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OIL MARKET WEEK AHEAD: Will crude drop below zero again?

The markets have been very enthusiastic over the last few days about how the worst of the decline in oil prices is now over, how the supply surplus in the US market is beginning to clear as states reopen, and how the belo- zero prices seen at the end of April are a thing of the past. While there is some substance to the rebalancing of market story, the risks are far from over, particularly as many oil tankers off the US coast have yet to be unloaded.

Departing from its usual restrained norm, the CFTC poured cold water over the market exuberance, warning brokers, exchanges and clearing houses to be ready for crude oil prices to move yet again into negative territory. Obviously expecting a certain amount of turmoil before the WTI June contract expires on 19 May, the CFTC asked exchanges to monitor the markets and to use their emergency authority if needed to suspend trading if a contract becomes disorderly. Monday will be the highest risk day for volatility given that oil prices have risen 11% in the course of last week.

Russia, Brazil and the virus

Over the last ten days Russia and Brazil have become the new hotbeds of coronavirus with cases in Russia rising by around 10,000 per day and Brazil seeing daily increases of almost 14,000. Both economies will emerge ravaged by virus and if anything, will be tempted to pump more oil to plug income gaps. Russia has been in tight lockdown for roughly the same period of time as the US and Europe but has slowly started reopening this week and the damage to its manufacturing has been on a similar scale as in the other two regions. In April its manufacturing PMI dropped to a record low of 31.3 while services PMI sank to 12.2.

For the moment Brazil has a smaller number of cases than Russia but unfortunately a galloping death toll of over 800 per day. While Russia’s oil output will technically be constrained by an agreement with Saudi Arabia, its usual compliance rate of around 80% may end up slipping. There are no such constraints on Brazil which in January decided not to join OPEC exactly for that reason, to be able expand production at will.

Brazilian exports of crude oil:

Source: Trading Economics

The opposite of lockstep

The American Petroleum Institute (API) oil inventory data published on Tuesdays and similar data from the Energy Information Administration (EIA) on Wednesdays each week typically move in lockstep, reflecting the weekly change in US demand trends, but that correlation diverged last week. The sudden disparity between the non-governmental API and official government data provided by the EIA has left investors wondering which of the two is showing the real demand picture. Given that oil companies are required to report their inventories to the EIA while providing information to API is optional, markets tend to place a greater emphasis on the EIA’s data. The disconnect could create some confusion next week, unless the two sets of data move back into sync.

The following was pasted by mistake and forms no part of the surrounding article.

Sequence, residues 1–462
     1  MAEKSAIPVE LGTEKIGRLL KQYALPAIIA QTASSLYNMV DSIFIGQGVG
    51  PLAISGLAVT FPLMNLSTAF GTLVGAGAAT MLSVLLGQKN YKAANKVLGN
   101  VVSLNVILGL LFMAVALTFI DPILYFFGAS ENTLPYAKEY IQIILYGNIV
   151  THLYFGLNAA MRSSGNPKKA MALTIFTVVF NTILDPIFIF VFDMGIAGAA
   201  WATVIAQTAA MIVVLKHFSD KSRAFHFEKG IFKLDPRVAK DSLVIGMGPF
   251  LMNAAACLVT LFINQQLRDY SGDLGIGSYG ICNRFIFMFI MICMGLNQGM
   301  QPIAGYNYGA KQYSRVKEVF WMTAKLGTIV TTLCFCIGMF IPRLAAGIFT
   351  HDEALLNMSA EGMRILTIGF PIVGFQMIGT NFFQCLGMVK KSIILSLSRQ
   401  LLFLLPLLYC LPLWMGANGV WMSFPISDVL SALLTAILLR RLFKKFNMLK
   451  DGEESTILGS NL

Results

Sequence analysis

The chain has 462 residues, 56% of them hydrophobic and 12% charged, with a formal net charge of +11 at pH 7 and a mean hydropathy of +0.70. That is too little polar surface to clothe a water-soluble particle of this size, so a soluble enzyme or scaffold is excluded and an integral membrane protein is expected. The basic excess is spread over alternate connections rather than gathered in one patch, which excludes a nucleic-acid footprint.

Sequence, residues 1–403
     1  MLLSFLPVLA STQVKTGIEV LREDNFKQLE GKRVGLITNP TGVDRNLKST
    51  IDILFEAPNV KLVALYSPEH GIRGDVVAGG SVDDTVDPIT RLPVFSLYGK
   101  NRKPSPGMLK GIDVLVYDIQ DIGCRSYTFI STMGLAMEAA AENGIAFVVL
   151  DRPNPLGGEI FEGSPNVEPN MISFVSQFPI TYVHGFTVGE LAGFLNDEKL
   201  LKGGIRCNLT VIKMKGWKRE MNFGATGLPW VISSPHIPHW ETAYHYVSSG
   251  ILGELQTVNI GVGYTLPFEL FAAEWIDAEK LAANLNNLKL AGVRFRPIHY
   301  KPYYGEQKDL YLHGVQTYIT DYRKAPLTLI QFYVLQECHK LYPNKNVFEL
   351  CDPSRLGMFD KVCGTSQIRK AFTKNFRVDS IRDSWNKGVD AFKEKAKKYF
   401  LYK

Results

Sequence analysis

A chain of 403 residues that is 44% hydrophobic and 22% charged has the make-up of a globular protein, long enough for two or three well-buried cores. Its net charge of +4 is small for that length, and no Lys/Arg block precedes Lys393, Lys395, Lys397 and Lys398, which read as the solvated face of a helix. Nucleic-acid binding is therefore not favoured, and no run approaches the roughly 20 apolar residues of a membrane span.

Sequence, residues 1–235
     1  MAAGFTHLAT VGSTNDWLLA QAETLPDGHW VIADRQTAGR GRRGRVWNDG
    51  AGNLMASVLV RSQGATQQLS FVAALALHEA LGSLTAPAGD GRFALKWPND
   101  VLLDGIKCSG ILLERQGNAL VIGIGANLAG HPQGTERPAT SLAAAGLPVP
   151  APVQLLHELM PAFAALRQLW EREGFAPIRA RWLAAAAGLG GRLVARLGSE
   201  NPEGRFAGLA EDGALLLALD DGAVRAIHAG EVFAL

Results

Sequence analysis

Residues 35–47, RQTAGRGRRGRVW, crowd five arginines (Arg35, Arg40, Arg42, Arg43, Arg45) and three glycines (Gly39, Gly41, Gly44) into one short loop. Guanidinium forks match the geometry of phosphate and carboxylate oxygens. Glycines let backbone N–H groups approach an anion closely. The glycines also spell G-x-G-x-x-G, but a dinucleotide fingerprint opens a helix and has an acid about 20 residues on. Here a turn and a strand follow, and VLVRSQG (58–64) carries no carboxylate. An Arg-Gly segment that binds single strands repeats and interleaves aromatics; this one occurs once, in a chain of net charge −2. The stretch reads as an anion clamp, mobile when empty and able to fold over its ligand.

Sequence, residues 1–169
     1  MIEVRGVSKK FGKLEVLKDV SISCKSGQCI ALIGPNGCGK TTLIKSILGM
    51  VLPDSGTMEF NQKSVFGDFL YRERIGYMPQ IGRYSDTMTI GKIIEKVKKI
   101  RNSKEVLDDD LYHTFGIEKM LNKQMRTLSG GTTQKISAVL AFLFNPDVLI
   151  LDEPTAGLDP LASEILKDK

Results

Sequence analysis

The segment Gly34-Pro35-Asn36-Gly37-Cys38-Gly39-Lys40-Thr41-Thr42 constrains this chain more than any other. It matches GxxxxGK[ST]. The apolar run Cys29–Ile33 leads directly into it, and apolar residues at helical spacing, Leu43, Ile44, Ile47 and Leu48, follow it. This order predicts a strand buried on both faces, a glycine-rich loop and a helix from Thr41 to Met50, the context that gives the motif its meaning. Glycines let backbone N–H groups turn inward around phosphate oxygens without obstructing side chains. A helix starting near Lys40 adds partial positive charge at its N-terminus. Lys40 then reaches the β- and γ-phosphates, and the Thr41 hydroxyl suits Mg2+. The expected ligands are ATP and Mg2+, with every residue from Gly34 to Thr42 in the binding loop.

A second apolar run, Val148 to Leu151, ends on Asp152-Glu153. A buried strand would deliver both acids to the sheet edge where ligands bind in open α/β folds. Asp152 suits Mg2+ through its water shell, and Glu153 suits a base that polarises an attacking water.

When

What

Why is it important

Tue 19 May 10.00

German ZEW May economic sentiment

A proxy for the demand trend in Europe’s largest economy

Tue 19 May

WTI June Crude oil contract expires

Expect higher volatility in the lead up to contract expiry

Tue 19 May 15.00

Fed chairman Powell testifies before Congress

Powell warned this week that there could be more economic turmoil on the horizon

Tue 19 May 21.30

API weekly US crude oil stocks

Inventory levels are still rising but the speed of increases has been slowing for the last three weeks. Last up 7.58m

Wed 20 May 

Public holiday in Germany and a number of European countries

Brent crude volumes expected to be thinner than usual

Wed 20 May 15.30

EIA crude oil stocks change

Last week showed a surprise decline of 745,000bbl

Thu 21 May 08.30

Germany May manufacturing PMI

German manufacturing should show signs of improvement as the country started lifting lockdowns. Previous reading at 34.5

Thu 21 May 09.00

Eurozone May manufacturing PMI

Same as for Germany. Last reading at 33.4

Thu 21 May 13.30

US initial jobless claims to May 15

The state of the job market is a good proxy for domestic US oil demand

Thu 21 May 14.45

US May manufacturing PMI

Should show a slight uptick from 36.1 in April as some businesses restarted operations over the last two weeks

Fri 22 May 18.00

Baker Hughes US oil rig count

Fri 22 May 20.30

CFTC oil net positions

Changes in money managers’ net positions


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